• The purpose of this study was to describe the perceptions of college faculty, staff, and students concerning the ways that higher education influences the character development of college students

Research Questions

  • What are the perceptions of faculty, staff, and students regarding methods and approaches to the character development of college students?

  • How do current methods and approaches relate to ideal practices?

  • Are there any demographic differences among the various perceptions?


  • Q Method

  • Q-sort procedure

    • 48 statements

    • Range of -5 to +5

    • 2 conditions of instruction

      • What are ways that college students currently develop character and human values?

      • What are ways that college students could develop character and human values?

  • Demographic survey

Instrument Development

  • Quasi-naturalistic sample

    • Dalton’s (1985) “Values Activities Matrix”

  • Structured (deductive) factorial design

    • 3 Methods

    • 4 Approaches

    • 12 combinations, 4 statements each


  • Structured sample

    • Snowball sampling procedure

    • Factorial Design

      • Categories: Faculty, Staff, and Students

      • Levels: Male and Female

  • Actual Participants

    • Students: 11 (6 M, 5 F)

    • Staff: 10 (5 M, 5 F)

    • Faculty: 1 (1 M, 0 F)

Data Analysis

  • Data was analyzed using PQMethod (Schmolck, 2000).

    • Principal components factor analysis (PCA)

    • Varimax rotation

    • Q-analyzed


  • 6 sorts did not define any factor

    • 3 Confounded

    • 3 Non-significant

Participant Perceptions?

  • Factor A - Formal Learning

    • “Traditional settings are the key”

    • Strongest Defining Statements

      • By encountering appropriate role models (+5)

      • Through class discussions of moral issues (+5)

      • By being informed of institutional rules and regulations (-5)

      • Through participation in a committee reviewing student fees (-5)

    • Lecture style (transmission/assimilation)

    • Externally-imposed

Participant Perceptions?

  • Factor B - Judicious Learning

    • “Rule systems shape character”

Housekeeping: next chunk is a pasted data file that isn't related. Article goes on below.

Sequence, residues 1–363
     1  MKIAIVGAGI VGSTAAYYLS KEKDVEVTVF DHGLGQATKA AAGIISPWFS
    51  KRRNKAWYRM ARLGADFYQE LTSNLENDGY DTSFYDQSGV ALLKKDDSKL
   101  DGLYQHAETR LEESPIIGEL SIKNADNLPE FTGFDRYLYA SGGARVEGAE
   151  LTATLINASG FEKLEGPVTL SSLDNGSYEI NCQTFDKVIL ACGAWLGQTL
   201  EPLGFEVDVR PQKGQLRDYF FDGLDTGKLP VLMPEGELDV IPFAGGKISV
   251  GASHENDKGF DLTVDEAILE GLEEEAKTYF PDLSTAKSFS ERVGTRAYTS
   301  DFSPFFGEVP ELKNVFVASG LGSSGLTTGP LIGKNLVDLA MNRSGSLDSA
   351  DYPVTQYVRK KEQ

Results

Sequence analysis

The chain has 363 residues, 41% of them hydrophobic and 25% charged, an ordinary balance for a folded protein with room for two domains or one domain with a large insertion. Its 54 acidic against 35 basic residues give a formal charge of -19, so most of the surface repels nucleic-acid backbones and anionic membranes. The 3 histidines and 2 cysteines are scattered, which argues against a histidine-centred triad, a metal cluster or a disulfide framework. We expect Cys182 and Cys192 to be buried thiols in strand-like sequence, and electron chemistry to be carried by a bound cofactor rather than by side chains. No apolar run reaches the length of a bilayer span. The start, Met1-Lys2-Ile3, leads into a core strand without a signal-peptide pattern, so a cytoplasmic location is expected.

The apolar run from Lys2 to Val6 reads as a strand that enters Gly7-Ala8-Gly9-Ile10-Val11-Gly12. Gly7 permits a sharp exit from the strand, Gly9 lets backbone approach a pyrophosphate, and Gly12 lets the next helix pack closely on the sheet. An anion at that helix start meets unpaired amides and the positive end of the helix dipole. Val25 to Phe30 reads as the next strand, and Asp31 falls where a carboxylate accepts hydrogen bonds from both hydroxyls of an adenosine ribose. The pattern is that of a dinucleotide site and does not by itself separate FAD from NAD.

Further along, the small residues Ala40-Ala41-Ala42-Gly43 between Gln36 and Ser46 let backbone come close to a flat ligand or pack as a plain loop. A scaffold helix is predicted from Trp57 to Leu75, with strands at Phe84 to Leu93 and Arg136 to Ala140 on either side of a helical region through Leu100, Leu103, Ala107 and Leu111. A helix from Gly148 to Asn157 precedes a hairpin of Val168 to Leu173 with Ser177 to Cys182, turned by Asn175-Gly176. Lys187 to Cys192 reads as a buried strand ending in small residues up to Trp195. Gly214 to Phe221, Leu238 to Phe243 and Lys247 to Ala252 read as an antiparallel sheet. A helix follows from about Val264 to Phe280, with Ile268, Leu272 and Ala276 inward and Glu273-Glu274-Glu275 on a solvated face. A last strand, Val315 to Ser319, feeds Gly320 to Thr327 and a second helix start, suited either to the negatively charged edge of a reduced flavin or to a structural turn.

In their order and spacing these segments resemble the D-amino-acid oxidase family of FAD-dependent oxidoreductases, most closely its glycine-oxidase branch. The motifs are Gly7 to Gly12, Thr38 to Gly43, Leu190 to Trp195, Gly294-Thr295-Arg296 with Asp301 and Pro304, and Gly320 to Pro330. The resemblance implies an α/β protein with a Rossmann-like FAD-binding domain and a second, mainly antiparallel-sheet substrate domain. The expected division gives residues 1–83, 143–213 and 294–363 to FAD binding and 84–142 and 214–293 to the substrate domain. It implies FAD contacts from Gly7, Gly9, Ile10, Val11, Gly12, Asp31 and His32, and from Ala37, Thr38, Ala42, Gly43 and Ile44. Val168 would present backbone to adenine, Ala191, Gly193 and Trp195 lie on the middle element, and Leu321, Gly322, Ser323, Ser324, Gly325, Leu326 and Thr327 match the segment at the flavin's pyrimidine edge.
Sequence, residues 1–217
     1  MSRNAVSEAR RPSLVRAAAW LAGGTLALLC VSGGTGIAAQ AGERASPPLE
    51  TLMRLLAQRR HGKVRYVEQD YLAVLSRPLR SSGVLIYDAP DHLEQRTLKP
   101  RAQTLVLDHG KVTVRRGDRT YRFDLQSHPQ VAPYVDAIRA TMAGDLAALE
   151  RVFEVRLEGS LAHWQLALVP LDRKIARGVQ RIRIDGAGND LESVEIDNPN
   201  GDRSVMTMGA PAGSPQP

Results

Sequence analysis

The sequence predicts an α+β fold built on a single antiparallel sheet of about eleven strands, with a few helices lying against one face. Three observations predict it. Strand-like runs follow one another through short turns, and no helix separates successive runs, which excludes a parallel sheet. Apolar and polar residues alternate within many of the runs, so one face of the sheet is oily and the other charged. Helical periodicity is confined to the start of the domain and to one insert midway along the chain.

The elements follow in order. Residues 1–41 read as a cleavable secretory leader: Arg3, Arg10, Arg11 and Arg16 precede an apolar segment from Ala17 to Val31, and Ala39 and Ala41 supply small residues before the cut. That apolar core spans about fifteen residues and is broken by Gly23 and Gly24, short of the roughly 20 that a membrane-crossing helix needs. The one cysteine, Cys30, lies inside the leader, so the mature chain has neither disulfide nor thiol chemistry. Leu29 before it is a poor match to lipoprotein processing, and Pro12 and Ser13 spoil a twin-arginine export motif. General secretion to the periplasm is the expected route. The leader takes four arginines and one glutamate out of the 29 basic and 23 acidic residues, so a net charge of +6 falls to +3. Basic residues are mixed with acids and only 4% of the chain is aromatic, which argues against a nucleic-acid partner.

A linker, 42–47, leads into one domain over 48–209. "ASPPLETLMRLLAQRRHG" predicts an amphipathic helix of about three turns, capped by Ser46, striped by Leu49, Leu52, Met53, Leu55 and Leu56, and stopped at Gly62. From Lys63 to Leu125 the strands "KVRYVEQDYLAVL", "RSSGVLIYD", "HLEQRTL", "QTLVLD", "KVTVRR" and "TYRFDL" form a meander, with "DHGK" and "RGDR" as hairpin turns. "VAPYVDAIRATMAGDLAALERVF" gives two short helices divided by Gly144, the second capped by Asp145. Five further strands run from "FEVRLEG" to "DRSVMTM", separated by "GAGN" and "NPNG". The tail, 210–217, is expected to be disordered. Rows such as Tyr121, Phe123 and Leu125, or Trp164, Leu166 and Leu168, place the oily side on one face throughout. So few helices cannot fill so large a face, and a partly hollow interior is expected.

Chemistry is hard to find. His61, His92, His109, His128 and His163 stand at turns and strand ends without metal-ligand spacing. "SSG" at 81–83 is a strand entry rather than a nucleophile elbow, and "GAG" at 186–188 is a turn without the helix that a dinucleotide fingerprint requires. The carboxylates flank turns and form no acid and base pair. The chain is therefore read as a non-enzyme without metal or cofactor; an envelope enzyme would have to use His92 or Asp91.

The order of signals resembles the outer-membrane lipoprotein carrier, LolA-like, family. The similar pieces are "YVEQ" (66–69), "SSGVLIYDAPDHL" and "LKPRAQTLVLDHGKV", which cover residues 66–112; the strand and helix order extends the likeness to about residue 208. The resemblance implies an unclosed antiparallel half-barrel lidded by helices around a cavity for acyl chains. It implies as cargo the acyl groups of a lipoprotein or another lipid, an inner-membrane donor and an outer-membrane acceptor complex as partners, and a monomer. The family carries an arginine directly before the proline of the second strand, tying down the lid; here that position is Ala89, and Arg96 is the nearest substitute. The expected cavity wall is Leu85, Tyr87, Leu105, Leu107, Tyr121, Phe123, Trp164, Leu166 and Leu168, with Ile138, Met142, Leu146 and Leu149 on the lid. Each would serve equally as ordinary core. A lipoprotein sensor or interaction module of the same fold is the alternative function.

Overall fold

• Strongest Defining Statements

      • By participating in individual counseling (+5)

      • Through successful mediation of conflicts (+5)

      • By participating in orientation classes (-5)

      • Through meetings with academic advisor (-5)

    • Experiential in nature

    • Self-imposed

Participant Perceptions?

  • Factor C - Guided Learning

    • “Future preparation builds character”

    • Strongest Defining Statements

      • Through meetings with academic advisor (+5)

      • Through successful mediation of conflicts (+5)

      • By familiarizing themselves with the student code of conduct (-5)

      • Through participation in an advisory committee to develop a new campus policy (-5)

    • Utilizes a mentor / guide

Actual vs. Ideal?

Demographic Differences?


Demographic Differences?


Demographic Differences?



  • Actual vs. Ideal

    • “Guided Learning” (Factor C) is perceived to occur, though it doesn’t seem to be perceived as ideal

    • There were no major differences between actual and ideal for the other two factors

  • Demographic Differences

    • Position - Staff tend to view judicial systems as the primary effort whereas students and faculty tend to view the formal setting as the primary effort

    • Gender - Factor C seems to be predominately male (all sorters were male)

    • Age - Most sorters for Factor A were 18-25, whereas most sorters for Factor B were 26-33


  • Character education research is highly complex

    • Lack of clear definition of “character” and “character education”

    • Knowledge, interest, and commitment from the leader and others involved

    • Perceptions of school community have an impact

    • Requires transmission of subjective values


  • All of these issues can be explored using Q-methodology

  • As such, Q can serve a much-needed role within the study of character education